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Overlooked and Underappreciated
J. Palumbo | Florida, U S A | 02/25/2005
(4 out of 5 stars)
"Forbidden came out of the slew of San Francisco thrash bands to follow in the wake of Exodus and ultimately Metallica. Accordingly, they have the hallmarks of that particular region's heavist: tight and bludgeoning rhythmn section, tempo changes galore et al. But what set them apart is they have an actual singer. This may very well have been their downfall, as tastes were turning predominantly toward growlers like Hetfield at the time. I would liken them to more of a Flotsam and Jetsam vocal meets Testament/Vio-lence.
"Green" without a doubt is their overall strongest release. Not to knock their scary-as-all-hell debut, the venomous "Forbidden Evil" or the nearly-brilliant "Twisted Into Form", but "Green" is much more varied and just H-E-A-V-Y. It just grinds you down with it's sheer weight juxtaposed against brilliantly twisted melody.
Sad that they never saw these heights again.
Avoid "Distortion" altogether - it reeks of "contractual obligation"."
Very strong, but unfortunately final, offering
Worgelm | United States | 02/21/2006
(4 out of 5 stars)
"First off, net metal reviewers, can we please stop throwing "Nu" around needlessly when you really just want to say an album is well produced? Its like you would have us believe Fred Durst will suddenly step from behind Tim Calvert's cabinet and drop some mad rhymes mid-solo. "Nu" does not belong anywhere near ANY record in Forbidden's catalog. And while yes, there are some distorted vocals and guitar squeals, there are also raging melodic solos, and quite frankly, King Crimson was doing the distorted vocals thing in 1969 with "21st Century Schizoid Man" well before most of the guys in Korn were even born.
This album is classic prog-thrash with 90s attitude, well-produced, four-to-the-floor NASTY. Since they are second-generation San Fran thrash, this band is a bit more obscure than even Death Angel or Violence standards, strictly a cult thing, but ask any real bay area veteran and you will be schooled. In contrast to the first album fans, whose haste to condemn them is alarming for having a little fun ("Over the Middle"), let me assure those of you who have heard bad things about _Green_ that Forbidden is here on serious business on this, their swansong. And they go down swinging. The entire album generally shows confidence, band chemistry and mature songwriting than the wildly uneven _Distortion_. _Green_ has many highlights, with typical searing guitar from Locicero and Calvert, as well as excellent, melodic but throaty vocal work from Russ Anderson, starting with the psychadelic opener "Last Time." The album reaches an early, speedy apex with the ravenous "Face-Down Heroes," which starts its rhythm from a phone busy-reorder sample and just gets deadlier as the song continues. The next stretch of songs starts to get a little samey, "pHat" and "Noncent$" continuing the political/environmental themes while "Blank" sees Forbidden try a somewhat novel (for them, anyways) "ballad"-like approach. But the awesome, psychadelic eastern-tinged album closer "Focus" is a song dark and mysterious enough to make Maynard from Tool's tiny little arm hairs stand up at attention. Great underrated and neglected semi-masterpiece, perhaps the highlight of their catalog."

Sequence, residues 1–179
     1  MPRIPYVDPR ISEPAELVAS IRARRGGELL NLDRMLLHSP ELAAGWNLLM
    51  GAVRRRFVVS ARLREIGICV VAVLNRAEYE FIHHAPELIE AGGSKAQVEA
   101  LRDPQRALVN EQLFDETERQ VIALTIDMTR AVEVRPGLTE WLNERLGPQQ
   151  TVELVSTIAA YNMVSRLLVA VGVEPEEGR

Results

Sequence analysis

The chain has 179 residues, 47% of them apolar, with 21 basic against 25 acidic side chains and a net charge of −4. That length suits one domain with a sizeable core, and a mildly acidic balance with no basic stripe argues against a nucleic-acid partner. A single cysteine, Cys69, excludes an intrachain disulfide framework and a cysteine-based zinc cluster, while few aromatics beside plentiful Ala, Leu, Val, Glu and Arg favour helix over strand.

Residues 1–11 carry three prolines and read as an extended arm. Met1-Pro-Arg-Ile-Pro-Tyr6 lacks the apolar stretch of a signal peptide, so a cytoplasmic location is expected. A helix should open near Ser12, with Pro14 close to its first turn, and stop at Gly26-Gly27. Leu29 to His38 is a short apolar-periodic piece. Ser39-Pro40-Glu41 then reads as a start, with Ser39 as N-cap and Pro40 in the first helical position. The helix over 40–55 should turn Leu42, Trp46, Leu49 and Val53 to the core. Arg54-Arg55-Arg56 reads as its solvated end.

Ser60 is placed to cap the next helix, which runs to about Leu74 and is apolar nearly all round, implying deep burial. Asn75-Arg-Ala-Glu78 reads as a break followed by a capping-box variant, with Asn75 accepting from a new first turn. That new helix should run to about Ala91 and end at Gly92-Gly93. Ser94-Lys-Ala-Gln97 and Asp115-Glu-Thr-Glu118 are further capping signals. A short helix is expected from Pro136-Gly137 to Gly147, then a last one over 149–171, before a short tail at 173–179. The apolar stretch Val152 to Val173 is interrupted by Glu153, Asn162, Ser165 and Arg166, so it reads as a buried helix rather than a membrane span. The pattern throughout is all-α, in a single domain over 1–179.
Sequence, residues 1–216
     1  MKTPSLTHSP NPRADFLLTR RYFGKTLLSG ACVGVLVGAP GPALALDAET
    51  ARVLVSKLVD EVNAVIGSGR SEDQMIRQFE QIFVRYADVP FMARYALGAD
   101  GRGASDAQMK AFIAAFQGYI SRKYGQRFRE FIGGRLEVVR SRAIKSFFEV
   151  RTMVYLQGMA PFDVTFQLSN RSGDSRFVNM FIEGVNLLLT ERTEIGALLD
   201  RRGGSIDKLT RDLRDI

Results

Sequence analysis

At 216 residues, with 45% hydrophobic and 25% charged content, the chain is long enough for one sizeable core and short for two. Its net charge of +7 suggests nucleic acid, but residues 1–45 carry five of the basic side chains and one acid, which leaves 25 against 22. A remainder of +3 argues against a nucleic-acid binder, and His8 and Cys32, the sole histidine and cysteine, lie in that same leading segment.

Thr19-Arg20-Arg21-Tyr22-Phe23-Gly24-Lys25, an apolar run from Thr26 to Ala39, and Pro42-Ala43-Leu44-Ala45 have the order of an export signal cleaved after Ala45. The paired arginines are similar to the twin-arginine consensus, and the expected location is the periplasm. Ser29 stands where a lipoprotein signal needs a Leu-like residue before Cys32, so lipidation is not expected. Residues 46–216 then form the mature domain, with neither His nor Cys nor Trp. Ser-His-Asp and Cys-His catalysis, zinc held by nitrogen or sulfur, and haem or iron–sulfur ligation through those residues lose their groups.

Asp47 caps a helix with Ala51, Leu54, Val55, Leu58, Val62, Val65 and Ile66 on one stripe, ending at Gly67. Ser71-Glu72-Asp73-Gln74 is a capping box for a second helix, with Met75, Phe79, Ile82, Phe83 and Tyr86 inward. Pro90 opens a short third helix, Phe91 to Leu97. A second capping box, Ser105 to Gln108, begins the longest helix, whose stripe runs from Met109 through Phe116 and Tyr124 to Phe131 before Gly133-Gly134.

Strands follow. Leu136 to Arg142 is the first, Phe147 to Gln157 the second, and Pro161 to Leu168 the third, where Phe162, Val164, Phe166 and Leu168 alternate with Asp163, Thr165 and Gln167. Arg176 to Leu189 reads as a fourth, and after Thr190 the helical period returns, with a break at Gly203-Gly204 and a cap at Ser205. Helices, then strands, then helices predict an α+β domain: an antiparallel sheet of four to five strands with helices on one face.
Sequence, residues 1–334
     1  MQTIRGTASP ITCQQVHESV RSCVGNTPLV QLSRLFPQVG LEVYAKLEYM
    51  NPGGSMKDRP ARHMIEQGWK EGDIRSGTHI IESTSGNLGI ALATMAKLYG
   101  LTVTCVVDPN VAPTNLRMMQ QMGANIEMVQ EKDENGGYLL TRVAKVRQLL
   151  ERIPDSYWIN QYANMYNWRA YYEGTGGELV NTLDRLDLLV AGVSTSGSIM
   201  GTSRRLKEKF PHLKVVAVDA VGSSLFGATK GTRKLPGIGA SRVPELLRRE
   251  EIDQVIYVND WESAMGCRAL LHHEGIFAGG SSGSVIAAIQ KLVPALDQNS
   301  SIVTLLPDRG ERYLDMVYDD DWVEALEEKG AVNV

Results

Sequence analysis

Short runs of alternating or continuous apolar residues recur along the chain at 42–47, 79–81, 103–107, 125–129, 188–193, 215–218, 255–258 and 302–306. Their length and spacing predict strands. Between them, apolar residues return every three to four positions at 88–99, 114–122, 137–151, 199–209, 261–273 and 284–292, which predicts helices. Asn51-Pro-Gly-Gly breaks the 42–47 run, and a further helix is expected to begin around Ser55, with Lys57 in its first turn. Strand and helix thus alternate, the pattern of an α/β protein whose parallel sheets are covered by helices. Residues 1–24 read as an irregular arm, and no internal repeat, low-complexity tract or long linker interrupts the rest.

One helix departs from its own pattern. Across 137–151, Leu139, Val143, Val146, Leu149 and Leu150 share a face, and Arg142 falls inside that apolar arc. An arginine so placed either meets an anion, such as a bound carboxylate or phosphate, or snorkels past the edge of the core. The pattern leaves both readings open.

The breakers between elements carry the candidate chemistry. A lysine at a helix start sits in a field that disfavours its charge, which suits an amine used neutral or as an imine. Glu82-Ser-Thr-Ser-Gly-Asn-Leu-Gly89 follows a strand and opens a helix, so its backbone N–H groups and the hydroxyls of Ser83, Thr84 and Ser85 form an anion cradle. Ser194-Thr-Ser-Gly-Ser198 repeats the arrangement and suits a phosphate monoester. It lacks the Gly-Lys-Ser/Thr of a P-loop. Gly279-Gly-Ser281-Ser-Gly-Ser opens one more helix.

Great album, don't buy mp3
L. Gagne | Alameda, CA United States | 05/30/2008
(4 out of 5 stars)
"After looking for bands that I use to listen to I came across Forbidden which were great in the late 80's and 90's. This record is no exception. Good heavy thrash that the Bay Area was putting out still banging hard. The only problem I have is with the quality of the MP3 download. Sounds like a CD skipping and you will be very disappointed if they do not fix it. Buy the CD if you want this album."